Putting a Band-Aid on a Giant, Seeping Flesh Wound’

He described loan cancellation as putting a band-aid on a giant, seeping flesh wound, when the genuine reform needed is a complete operation

personal loans 2021

In December, Biden said to the media that, though it is arguable that the president has the executive powers to cancel up to $50,000 in student debt per borrower, he is unlikely to go through with the executive action.

While blanket debt cancellation is desirable to some, others argue that universal forgiveness may actually exacerbate inequalities. Harvard Professor of Public Policy David J. Deming highlighted that individuals’ actual loan balances frequently do not reflect their economic conditions.

You probably don’t want to just do blanket loan forgiveness for everybody. Why? Because most of the people who have six-figure debt are actually better off than the people who have small numbers in terms of debt, he said. That might seem counterintuitive, but the reason is that most people who have six figures of debt, it’s for graduate school, particularly law school and medical school.

A policy needs to focus on helping people who don’t have the ability to repay the loan, not just on paying back the biggest balances, Deming added. Because there’s an awful lot of people out there with $80,000 loan balances, who are going to make incomes in the top 1 percent, or close to it.

One University, Two Worlds

Berry, a current senior at the College, said student loan debt at Harvard becomes a larger issue when factoring in graduate school. Roughly 83 percent of undergraduates at the College will return to pursue additional schooling in the form of graduate or professional degrees, according to a report published by the University’s Office of Career Services.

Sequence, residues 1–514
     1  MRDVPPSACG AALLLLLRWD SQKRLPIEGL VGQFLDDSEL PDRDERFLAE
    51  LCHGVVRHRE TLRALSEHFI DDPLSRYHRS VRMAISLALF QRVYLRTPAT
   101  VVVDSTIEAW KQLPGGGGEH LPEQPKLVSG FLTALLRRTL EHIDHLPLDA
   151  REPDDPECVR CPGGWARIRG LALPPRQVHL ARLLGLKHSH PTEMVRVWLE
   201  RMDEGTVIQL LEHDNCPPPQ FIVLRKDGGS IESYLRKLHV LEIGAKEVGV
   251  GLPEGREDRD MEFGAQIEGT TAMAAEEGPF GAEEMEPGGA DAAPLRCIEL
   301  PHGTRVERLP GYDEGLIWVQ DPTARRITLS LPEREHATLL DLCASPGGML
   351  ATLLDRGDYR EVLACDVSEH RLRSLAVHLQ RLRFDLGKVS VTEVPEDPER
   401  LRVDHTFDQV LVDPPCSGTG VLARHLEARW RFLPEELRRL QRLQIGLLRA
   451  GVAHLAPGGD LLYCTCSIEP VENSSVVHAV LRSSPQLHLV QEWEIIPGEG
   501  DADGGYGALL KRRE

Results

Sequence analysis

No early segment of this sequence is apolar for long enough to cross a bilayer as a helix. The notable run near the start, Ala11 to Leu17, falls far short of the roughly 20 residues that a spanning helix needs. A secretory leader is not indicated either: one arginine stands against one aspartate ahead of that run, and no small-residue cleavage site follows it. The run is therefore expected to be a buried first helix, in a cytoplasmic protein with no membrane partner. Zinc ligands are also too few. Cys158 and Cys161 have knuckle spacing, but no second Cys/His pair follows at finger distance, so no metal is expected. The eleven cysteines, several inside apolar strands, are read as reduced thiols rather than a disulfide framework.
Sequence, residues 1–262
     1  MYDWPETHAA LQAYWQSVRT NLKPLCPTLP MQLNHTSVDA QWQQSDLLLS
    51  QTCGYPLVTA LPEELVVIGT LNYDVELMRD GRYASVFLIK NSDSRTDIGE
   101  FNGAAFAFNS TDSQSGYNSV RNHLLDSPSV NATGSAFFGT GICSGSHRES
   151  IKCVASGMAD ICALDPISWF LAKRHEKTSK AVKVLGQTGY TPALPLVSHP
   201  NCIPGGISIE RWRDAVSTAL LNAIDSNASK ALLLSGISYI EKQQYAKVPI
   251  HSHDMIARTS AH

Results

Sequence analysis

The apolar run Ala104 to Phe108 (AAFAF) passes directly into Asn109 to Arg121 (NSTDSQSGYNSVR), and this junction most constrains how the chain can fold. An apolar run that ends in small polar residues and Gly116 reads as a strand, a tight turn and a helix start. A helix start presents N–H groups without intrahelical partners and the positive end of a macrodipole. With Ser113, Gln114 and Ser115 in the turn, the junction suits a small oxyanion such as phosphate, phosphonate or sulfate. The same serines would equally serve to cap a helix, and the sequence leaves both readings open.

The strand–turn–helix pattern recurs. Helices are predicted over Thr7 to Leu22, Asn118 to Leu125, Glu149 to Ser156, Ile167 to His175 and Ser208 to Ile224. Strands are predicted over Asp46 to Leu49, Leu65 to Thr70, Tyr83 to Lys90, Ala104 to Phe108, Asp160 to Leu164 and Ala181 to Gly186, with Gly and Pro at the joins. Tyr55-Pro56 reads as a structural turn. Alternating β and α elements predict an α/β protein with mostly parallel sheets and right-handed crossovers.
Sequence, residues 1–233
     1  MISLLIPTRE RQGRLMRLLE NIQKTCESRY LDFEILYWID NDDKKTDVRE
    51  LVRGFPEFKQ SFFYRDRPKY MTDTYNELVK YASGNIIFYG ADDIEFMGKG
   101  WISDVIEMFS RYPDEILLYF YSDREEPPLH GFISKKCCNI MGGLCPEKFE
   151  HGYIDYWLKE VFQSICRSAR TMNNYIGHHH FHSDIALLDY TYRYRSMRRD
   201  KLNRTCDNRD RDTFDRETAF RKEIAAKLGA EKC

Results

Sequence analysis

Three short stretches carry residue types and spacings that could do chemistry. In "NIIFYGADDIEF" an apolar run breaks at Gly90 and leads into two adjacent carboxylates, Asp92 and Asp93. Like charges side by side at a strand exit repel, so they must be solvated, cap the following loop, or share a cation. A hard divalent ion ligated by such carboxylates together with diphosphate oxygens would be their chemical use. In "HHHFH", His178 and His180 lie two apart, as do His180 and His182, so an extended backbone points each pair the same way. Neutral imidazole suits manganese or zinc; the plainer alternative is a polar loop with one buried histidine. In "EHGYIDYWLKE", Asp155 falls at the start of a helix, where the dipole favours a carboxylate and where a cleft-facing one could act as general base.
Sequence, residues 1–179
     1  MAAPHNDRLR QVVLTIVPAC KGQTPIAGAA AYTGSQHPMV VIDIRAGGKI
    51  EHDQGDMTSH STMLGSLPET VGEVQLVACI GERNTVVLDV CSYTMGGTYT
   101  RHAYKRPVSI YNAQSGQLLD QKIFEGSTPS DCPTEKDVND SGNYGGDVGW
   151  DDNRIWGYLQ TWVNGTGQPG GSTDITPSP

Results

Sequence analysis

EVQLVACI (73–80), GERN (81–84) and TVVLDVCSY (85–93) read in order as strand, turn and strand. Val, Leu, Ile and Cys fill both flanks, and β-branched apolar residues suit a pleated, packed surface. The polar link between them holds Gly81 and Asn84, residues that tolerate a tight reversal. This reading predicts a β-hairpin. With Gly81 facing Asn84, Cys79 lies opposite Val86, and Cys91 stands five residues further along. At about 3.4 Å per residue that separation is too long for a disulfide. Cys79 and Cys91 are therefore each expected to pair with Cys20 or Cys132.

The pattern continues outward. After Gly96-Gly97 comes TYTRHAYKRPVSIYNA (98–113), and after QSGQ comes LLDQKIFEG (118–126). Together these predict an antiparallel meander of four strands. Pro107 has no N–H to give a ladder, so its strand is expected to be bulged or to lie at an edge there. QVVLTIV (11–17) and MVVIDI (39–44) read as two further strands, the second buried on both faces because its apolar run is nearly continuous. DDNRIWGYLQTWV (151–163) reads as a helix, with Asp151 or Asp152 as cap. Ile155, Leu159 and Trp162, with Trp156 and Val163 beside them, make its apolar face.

I think the conversation is different if we talk about the graduate schools. That’s a bigger issue, especially because grad school is really expensive – I think that’s where we could extend the conversation, he said.

Cynthia E. Ahmed, Vice Chair of Policy for the Harvard Graduate Council and a current student at the Law School, said there exists a division in the way student loan debt impacts graduate students across the University. Ahmed highlighted that, though loan debt can be extensive for certain individuals, it is not necessarily a universal issue.

There’s definitely a split – students with loans, students without loans – and the career trajectories, life trajectories, lifestyles, happiness to a certain extent, begin to reflect this split amongst students, Ahmed said. I think the split is a little less concerning at schools with lower tuition.

Victoria J. Vicki Dzindzichashvili, a Master of Public Policy candidate at the Kennedy School on leave during the Covid-19 pandemic, said she believes that, given the financial hardship of graduate school students, Biden’s current plan is not enough.

I feel disappointed, Dzindzichashvili said. I believe that public higher education, at the very least, should be completely free. So when I see the administration saying only $10,000, I unfortunately feel like they’re not being serious about helping working-class people.

Let’s say, the half of students at the Kennedy School who are facing six-figure debt loans – if that wasn’t the case, then you’d have a lot more students thinking seriously about how they can make the world better, and thinking about public service the way that the Kennedy School likes to talk about public service, she added.

Of the Kennedy School’s 569 Class of 2019 graduates, 4 percent went on to work in state government and 20 percent in the federal government, compared to 37 percent of graduates who worked in the private sector, according to an employment report published by the payday loan stores Mississippi Kennedy School in 2019.

The use of debt cancellation as a sweeping economic measure fails to account for the structural issues undergirding student loans, according to Berry.